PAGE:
Texting while driving has been illegal in New York since July 2011 and the state is seeing some significant data on the law's effectiveness.
Over 20,000 tickets were issued in the last year for using a handheld device while driving according to Insurance Journal. Fewer than 5,000 tickets for the same offense were issued the year before the law went into effect.
The increased number of tickets sends a strong message to drivers New York Governor Andrew Cuomo told the public.
Texting while driving was illegal in New York before this law passed but the way the law is phrased makes it easier for police officers to issue a ticket.
The law made texting or using any handheld device while driving a primary offense according to CBS New York. That allows police officers to make a traffic stop and issue a ticket anytime they see a driver texting at the wheel.
Before this, officers could not pull over a car just because the driver was texting. They needed a separate reason to stop the car and could then issue a secondary ticket for using a handheld device while driving.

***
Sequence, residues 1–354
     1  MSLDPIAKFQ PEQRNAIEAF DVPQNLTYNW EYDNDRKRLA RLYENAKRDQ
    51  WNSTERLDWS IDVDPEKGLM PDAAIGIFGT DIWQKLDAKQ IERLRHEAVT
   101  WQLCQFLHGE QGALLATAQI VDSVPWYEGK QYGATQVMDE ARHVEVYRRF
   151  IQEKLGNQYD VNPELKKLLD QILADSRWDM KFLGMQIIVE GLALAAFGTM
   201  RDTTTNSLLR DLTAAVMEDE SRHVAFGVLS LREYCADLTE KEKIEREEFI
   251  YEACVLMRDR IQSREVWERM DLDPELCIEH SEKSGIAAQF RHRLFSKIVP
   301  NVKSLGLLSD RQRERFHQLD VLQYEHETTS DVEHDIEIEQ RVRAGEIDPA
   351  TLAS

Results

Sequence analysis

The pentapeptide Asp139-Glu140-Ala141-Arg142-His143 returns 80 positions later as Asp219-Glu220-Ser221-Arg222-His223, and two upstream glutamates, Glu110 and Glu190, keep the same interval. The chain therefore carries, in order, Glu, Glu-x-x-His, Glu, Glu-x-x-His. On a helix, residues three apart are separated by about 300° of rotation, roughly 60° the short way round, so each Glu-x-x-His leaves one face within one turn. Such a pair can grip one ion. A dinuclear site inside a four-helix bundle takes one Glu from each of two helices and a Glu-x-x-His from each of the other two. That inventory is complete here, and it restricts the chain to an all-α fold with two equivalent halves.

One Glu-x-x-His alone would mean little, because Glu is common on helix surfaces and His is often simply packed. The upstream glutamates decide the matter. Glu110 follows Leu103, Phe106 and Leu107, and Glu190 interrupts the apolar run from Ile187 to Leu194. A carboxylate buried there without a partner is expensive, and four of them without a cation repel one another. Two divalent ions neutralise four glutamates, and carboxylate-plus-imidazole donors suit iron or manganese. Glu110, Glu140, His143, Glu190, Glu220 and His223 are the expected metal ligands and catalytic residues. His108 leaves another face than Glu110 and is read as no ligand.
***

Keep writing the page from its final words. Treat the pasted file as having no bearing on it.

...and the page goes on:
Making it a primacy offense can make it harder for drivers to fight a ticket since a phone in the driver's hand was the reason for stopping the vehicle rather than being a subsequent observation.
The law also increased the insurance penalty for a texting-while-driving ticket reports Insurance Journal.
Since July 2011 drivers who get caught texting at the wheel get three points on their insurance instead of the previous two.
While the increased insurance points haven't necessarily contributed to the number of tickets issued in the past year, they show that the state is serious about stopping drivers from texting.
Texting while driving is illegal in many states besides New York, but it is not always a primary offense. Still it's a good idea to keep those hands on the wheel, law or no. Distracted driving can result in something much worse than a delayed reply.
- Manhattan Leads NY in Texting-While-Driving Tickets (NBC New York)
- Traffic Tickets (FindLaw)
- New York Makes Changes to Its Texting While Driving Law (FindLaw)